dr Hallowell described ADHD as a medical problem that can be managed with medication and specific strategies. He recommends focusing on the positive aspects of ADHD, such as curiosity, creativity, and energy, and hiring a coach to help overcome the challenges.

“I can’t manage finances any more than I can build a car,” he said, admitting that even he still feels a degree of shame that he hasn’t controlled his money habits as well as he does would have wished. His wife manages his finances. “We’re notoriously bad at money management.”

After racking up $15,000 in impulse debt, Ellyce Fulmore reached a breaking point during the pandemic when losing her routine exacerbated her inability to focus. She also spent a lot of time on TikTok, where she learned how ADHD symptoms like inattention can show up in women. She was diagnosed with the disorder in December 2020.

Ms Fulmore, an ADHD finance educator and author of the forthcoming book Keeping Finance Personal, said one of the biggest challenges people with the condition face is what’s known as the ADHD tax: the extra costs people incur because of their symptoms.

ADHD doesn’t always make people spend money. I know several people in the personal finance field whose ADHD causes them to become obsessed with money, some so much that they have trouble spending money.

But because activities like planning or budgeting don’t typically trigger a dopamine surge in people with ADHD, they may have a harder time starting or sticking with bookkeeping than neurotypical people. This creates additional costs – cancellation fees for missed appointments, or late fees for not opening an invoice on time, or lost refunds because we missed the deadline to return an unwanted purchase.

Ms. Fulmore offers an ADHD money management program that includes everything that makes it exciting, novel, or interesting to follow the dopamine pathway to financial success.

She used sticker charts, colored progress bars, and bullet journaling to “hack” her brain’s systems. She also automated her savings and debt payments.

“What helped me was unlearning a lot of the neurotypical expectations,” she said. “I’m going to do things differently, and it’s not going to be what traditional personal finance education dictates you do.”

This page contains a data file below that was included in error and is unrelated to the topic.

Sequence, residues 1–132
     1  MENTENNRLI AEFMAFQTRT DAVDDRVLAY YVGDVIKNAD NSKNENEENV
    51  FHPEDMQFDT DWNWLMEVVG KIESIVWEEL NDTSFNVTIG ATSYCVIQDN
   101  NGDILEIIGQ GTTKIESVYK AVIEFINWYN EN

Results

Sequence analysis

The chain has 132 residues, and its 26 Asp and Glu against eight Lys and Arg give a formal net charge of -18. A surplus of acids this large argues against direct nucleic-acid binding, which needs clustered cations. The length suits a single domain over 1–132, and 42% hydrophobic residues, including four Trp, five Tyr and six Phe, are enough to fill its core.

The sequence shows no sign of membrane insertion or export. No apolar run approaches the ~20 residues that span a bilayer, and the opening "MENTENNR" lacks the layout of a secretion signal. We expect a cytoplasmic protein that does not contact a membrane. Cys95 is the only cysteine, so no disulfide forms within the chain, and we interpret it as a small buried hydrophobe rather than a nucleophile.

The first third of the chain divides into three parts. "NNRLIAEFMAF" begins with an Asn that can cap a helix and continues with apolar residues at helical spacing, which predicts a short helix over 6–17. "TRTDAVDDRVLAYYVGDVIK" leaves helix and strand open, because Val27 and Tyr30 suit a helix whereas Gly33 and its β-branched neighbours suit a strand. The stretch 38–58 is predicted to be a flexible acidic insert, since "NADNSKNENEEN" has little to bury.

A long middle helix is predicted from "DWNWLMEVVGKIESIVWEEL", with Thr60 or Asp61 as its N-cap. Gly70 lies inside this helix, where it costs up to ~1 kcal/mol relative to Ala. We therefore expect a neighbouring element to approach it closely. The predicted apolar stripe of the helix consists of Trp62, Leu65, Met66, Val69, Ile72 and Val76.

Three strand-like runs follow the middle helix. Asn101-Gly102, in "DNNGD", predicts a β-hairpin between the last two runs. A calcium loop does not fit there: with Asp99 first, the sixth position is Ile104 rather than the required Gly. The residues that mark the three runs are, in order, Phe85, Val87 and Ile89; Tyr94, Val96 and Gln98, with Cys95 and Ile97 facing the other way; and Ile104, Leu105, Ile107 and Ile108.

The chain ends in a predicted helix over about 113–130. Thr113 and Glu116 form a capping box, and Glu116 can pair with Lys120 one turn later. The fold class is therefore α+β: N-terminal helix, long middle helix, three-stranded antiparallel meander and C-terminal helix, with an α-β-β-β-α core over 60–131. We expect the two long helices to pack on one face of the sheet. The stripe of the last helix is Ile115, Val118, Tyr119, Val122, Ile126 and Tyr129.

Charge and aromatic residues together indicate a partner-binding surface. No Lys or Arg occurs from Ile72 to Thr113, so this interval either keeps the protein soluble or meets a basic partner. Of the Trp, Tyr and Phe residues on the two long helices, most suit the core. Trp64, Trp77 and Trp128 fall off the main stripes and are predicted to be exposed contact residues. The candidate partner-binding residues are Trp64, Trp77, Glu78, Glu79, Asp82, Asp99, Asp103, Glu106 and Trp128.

Ms Fulmore entered therapy to deal with the shame she had accumulated in a world that echoed the message that her struggles were her fault. She also started using the stimulant Vyvanse, which helped her focus and reduce spending. Aside from her student loan, she is now debt free.

Madison Kemp’s husband, who was diagnosed with ADHD in elementary school, sent her a TikTok video showing a stack of boxes on a porch and a reference to “dopamine purchases” arriving all at once. “You do that all the time,” she said, he told her.

Ms Kemp, 33, always felt like she was chasing financially: once she refused to spend, she rewarded herself with more spending. She played what she calls “Miet Chicken,” hoping a rent check wouldn’t be cashed until after payday.

She found her diagnosis satisfactory. “Until I got the diagnosis, I was like, ‘Everyone has to go through life like this, right?’” she said.

Now that she’s on the non-stimulant ADHD drug Strattera, she can wait a whole day to think about a purchase and finally feels ready to start buying a house.

She follows ADHD TikTok accounts like Catiosaurus and finds relatable examples of habits she’s had her entire life.

“It’s like, ‘Oh, there are people who do this too, for that reason,’ and you really feel like there’s actually a community,” she said.

Shannon D. Smith had neglected her money journal. When she finally talled up her expenses, she realized why money had been tight over the past month — her family had spent $700 eating out.

“And I cried,” said Ms. Smith. “I felt irresponsible. I felt like a bad mother. I kept thinking: I should know better.”

Her inability to concentrate at work made her fear she might develop Alzheimer’s, a disease that runs in her family. But she found that working on her own business allowed her to stay focused well into the night. Your doctor recognized signs of ADHD

Ms. Smith’s ADHD diagnosis last year, at age 42, helped explain her problems with delaying gratifications.

She also internalized the stereotype that women are bad with money.

“You firmly believe that you’re not going to be able to handle money, and then you believe it’s a self-fulfilling prophecy,” Ms. Smith said.

Her diagnosis helped her seek support for herself and her children, who she suspects all have ADHD since research has shown it is inherited. “If I had had that information when I was younger, I would have gotten a lot further,” she said.

Ms. Smith, who coaches other women, tries to view ADHD less as a limitation and more as a guide. She reads ADDitude, a quarterly publication on ADHD, and follows the podcast Attention Different. She automates saving, uses accountability partners, and gives herself a 24-hour spending rule.

“I’m in a number of support groups, and hearing so many other women share the same stories of struggling with money or struggling with impulsiveness or self-control, it was just a validation to be like, ‘okay, that I’m not the only one,” she said. “So maybe I’m not as bad a person as I thought.”